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    • "Prior data were used to estimate the T 1 values for the three brain compartments (GM: 1070 AE 60 ms; WM: 720 AE 30 ms; CSF: 4440 AE 50 ms). With the expression derived by Redpath and Smith (1994), two pairs of T inv1 and T inv2 timings were computed that gave simultaneous nulls of the CSF compartment with either that from GM or WM. Twenty-one 1D projections were acquired for each set of inversion timings. "
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    ABSTRACT: The pathophysiological underpinnings of bipolar disorder are not fully understood. However, they may be due in part to changes in the phosphatidylinositol second messenger system (PI-cycle) generally, or changes in myo-inositol concentrations more specifically. Dextro-amphetamine has been used as a model for mania in several human studies as it causes similar subjective and physiological symptoms. We wanted to determine if dextro-amphetamine altered myo-inositol concentrations in vivo as it would clearly define a mechanism linking putative changes in the PI-cycle to the subjective psychological changes seen with dextro-amphetamine administration. Fifteen healthy human volunteers received a baseline scan, followed by second scan 75 min after receiving a 25 mg oral dose of dextro-amphetamine. Stimulated echo proton magnetic resonance spectroscopy (MRS) scans were preformed at 3.0 Tesla (T) in the dorsal medial prefrontal cortex (DMPFC). Metabolite data were adjusted for tissue composition and analyzed using LCModel. Twelve adult male rats were treated acutely with a 5-mg/kg intraperitoneal dose of dextro-amphetamine. After 1 h rats were decapitated and the brains were rapidly removed and frozen until dissection. Rat brains were dissected into frontal, temporal, and occipital cortical areas, as well as hippocampus. Tissue was analyzed using a Varian 18.8 T spectrometer. Metabolites were identified and quantified using Chenomx Profiler software. The main finding in the present study was that myo-inositol concentrations in the DMPFC of human volunteers and in the four rat brain regions were not altered by acute dextro-amphetamine. While it remains possible that the PI-cycle may be involved in the pathophysiology of bipolar disorder, it is not likely that the subjective and physiological of dextro-amphetamine are mediated, directly or indirectly, via alternations in myo-inositol concentrations.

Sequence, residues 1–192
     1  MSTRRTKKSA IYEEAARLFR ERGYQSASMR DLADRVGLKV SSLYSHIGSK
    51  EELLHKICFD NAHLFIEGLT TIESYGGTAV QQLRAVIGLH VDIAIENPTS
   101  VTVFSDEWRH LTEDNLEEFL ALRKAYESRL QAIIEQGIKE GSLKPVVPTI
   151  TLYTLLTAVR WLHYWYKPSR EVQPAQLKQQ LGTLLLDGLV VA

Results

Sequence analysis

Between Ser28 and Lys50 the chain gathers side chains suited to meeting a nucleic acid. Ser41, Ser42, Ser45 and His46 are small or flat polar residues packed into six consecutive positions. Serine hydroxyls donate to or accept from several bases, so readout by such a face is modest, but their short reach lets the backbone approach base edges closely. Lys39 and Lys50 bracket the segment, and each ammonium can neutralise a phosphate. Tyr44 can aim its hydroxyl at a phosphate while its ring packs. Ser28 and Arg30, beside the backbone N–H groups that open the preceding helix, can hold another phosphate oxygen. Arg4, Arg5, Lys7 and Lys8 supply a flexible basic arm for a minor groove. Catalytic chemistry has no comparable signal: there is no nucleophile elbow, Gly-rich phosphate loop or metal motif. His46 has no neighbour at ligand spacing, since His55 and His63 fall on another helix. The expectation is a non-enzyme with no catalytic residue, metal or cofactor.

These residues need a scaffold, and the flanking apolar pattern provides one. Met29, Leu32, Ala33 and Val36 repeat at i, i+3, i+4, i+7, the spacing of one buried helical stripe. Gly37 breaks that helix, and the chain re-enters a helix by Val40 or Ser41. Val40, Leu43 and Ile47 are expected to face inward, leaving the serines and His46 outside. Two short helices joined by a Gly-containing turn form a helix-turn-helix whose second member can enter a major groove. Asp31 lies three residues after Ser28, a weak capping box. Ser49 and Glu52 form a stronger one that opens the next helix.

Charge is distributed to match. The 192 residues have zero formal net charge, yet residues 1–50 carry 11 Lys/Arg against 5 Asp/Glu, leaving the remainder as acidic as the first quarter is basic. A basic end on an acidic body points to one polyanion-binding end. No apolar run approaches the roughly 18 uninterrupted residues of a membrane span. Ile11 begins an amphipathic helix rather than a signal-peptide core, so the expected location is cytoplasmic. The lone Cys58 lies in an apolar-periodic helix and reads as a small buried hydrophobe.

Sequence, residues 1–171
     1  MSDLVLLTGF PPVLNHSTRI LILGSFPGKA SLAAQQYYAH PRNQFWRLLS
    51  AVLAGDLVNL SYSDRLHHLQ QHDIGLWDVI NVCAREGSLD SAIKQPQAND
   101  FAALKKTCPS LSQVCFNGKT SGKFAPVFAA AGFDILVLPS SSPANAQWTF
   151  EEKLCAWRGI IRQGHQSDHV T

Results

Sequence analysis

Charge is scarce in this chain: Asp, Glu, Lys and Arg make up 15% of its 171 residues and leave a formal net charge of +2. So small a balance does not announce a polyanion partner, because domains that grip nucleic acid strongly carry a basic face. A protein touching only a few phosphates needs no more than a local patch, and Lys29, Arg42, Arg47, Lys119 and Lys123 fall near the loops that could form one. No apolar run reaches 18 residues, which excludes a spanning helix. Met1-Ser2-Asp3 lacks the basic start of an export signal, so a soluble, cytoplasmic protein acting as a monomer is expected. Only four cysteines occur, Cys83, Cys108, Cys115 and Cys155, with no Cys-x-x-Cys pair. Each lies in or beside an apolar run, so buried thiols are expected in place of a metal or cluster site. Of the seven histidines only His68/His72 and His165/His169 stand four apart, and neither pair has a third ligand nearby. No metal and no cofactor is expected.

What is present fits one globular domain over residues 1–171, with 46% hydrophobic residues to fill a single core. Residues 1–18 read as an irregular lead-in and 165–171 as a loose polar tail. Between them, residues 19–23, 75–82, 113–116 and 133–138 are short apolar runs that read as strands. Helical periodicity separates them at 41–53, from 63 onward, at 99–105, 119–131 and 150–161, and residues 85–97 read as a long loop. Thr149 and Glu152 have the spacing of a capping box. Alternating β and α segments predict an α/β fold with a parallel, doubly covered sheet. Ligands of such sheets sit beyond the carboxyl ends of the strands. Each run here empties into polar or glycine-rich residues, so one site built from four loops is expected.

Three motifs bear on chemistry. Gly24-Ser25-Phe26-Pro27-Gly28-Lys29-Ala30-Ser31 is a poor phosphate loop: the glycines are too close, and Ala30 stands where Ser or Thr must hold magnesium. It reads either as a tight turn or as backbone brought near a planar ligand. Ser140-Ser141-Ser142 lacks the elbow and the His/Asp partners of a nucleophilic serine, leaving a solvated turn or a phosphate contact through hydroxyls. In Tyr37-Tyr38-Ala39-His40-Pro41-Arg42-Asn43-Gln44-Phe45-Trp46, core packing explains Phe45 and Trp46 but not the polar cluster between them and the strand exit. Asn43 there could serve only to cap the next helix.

Neuroscience Research 09/2008; 61(4):351-9. DOI:10.1016/j.neures.2008.04.001 · 1.94 Impact Factor